Improvements in PERM Process10 Dec 2015
The Office of Foreign Labor Certification (OFLC) has been considering the steps needed to improve the PERM labor certification (LC) process. These efforts are a response to President Obama’s executive action seeking to improve the immigration process. The OFLC, which is part of the U.S. Department of Labor (DOL), classifies its efforts to modernize the PERM LC process into two main categories. The first of these is a review of the PERM program itself and the PERM regulation. The second looks at process streamlining.
Revised PERM Regulations Expected
The DOL reports a delay in the publication of revised PERM LC regulations. The most recent timeline estimate targets publication for some time in early calendar year 2016. The required notice and comment period will follow publication. Thus, the overall goal of the OFLC is to implement PERM regulatory changes before the end of President Obama’s term of office in January 2017.
PERM Process Streamlining Efforts
The second focus of the modernization efforts falls under process streamlining. The OFLC reports that it has limited resources for such efforts because it is not a fee-based operation. Therefore, the OFLC is looking for ways to make improvements under existing funding levels.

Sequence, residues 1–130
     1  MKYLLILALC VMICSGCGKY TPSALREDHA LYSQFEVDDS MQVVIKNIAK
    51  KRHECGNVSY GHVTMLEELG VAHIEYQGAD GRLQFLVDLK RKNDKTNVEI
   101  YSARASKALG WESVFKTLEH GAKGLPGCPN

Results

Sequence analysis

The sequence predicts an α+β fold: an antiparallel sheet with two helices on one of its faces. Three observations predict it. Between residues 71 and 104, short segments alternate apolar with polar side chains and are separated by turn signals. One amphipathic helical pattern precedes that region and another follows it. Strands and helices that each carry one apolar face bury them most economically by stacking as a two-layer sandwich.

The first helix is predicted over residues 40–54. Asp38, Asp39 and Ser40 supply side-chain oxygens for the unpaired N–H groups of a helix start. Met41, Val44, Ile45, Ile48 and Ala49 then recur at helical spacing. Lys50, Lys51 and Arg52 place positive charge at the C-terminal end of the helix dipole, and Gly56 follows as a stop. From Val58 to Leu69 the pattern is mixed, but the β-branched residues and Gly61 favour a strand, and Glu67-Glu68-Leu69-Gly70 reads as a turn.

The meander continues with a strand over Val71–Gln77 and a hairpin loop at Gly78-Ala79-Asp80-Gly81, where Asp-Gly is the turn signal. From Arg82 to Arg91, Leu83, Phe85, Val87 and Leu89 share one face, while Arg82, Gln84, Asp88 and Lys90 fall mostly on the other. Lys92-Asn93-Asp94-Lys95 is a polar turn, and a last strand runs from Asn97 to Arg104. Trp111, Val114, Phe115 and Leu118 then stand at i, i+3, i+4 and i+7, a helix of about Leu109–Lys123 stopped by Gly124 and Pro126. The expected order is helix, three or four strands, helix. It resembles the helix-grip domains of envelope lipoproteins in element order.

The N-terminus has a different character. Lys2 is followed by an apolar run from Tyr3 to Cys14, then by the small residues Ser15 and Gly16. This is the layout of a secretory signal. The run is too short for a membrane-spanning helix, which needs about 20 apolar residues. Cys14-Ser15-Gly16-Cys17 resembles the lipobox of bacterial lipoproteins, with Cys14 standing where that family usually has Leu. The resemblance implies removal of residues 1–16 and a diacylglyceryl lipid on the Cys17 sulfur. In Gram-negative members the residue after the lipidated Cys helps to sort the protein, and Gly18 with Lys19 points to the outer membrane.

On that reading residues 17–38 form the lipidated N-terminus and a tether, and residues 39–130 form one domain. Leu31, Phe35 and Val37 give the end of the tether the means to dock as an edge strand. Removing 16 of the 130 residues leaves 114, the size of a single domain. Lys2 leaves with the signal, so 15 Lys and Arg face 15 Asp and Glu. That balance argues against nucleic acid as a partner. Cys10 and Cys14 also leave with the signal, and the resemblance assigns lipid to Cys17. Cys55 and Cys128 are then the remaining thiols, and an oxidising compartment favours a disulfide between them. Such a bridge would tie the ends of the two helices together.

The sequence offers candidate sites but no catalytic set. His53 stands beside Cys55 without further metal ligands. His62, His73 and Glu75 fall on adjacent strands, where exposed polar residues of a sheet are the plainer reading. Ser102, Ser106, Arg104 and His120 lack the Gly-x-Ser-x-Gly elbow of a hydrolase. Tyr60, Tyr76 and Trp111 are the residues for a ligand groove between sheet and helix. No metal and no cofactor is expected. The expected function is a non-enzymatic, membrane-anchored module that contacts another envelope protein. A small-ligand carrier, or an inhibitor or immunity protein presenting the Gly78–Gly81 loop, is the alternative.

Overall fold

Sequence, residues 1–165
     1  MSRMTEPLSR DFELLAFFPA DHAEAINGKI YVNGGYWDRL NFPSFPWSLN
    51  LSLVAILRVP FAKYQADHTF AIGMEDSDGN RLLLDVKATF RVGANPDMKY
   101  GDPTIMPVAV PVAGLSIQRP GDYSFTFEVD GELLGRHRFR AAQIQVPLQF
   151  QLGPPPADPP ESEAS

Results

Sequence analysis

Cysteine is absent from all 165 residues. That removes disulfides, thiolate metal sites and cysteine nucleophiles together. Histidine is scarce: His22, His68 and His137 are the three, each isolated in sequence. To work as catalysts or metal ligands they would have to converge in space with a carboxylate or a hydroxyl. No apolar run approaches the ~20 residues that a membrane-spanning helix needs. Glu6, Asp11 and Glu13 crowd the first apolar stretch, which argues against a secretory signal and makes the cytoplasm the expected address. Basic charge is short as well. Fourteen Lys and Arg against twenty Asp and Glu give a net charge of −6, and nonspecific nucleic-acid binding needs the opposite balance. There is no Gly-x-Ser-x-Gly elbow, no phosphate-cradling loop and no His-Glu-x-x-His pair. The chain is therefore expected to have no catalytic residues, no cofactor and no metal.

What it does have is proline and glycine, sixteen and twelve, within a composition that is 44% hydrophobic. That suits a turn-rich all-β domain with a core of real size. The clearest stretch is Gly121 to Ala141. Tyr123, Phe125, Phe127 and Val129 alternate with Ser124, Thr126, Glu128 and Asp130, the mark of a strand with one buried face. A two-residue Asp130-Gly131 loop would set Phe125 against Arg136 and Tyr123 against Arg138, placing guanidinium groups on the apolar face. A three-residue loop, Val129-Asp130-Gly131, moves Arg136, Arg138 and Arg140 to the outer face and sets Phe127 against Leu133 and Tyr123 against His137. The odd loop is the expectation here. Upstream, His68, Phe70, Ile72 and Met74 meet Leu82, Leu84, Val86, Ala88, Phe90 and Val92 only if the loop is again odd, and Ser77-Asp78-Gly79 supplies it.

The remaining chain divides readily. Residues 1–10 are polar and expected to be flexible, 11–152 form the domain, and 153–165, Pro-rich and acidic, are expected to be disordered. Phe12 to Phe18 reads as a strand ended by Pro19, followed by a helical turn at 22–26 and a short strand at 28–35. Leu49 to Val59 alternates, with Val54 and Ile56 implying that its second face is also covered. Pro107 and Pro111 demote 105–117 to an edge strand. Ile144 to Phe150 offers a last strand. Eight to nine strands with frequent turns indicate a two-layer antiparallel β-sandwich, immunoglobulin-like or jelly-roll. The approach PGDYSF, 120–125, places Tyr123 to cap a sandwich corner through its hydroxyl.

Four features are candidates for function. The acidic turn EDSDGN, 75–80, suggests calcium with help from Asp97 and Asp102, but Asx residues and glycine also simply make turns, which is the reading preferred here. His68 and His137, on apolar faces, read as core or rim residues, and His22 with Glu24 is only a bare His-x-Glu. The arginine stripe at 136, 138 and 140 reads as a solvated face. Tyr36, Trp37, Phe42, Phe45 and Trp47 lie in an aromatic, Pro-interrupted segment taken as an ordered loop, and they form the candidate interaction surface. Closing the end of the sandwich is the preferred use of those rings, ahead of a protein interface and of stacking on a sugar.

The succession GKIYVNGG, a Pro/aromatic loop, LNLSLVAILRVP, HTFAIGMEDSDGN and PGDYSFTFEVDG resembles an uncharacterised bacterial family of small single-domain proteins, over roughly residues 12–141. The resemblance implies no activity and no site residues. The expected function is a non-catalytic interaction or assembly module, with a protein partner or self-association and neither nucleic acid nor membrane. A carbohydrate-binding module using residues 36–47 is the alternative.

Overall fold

There are a few efforts identified as successful by the OFLC. The OFLC reports that, at the Atlanta Processing Center, the analyst review queue has increased production by 25 percent and there has been a 54 percent production increase within the audit review queue. More resources overall have been diverted to help reduce the audit backlog.
The OFLC has further recognized that the technology used in the PERM process for form 9089 does not have the capacity to generate warnings to alert the user of possible typographical errors. Accordingly, the OFLC is working to address this by implementing dropdown menus for some standard form entries.
Financial Constraints for OFLC / DOL
The OFLC voiced budget limitations as standing in the way of processing time improvements. The OFLC budget has been reduced over the years, while the volume of cases being filed keeps increasing. Case-in-point, for 2015, the OFLC reports an increase in filings of 20-25 percent over the previous year. To address this, the OFLC is hoping to convert to a fee-based system. This, however, would require Congress to change the existing law.
The PERM system was intended to be a largely automated, attestation-based process, replacing paper-based reviews. However, the DOL continues to audit a significant percentage of these cases. This creates a considerable amount of work for both the DOL and the petitioning employers, which, in turn, creates extensive delays. Efficiencies are almost certainly available through more limited and targeted audit requests within the PERM process.
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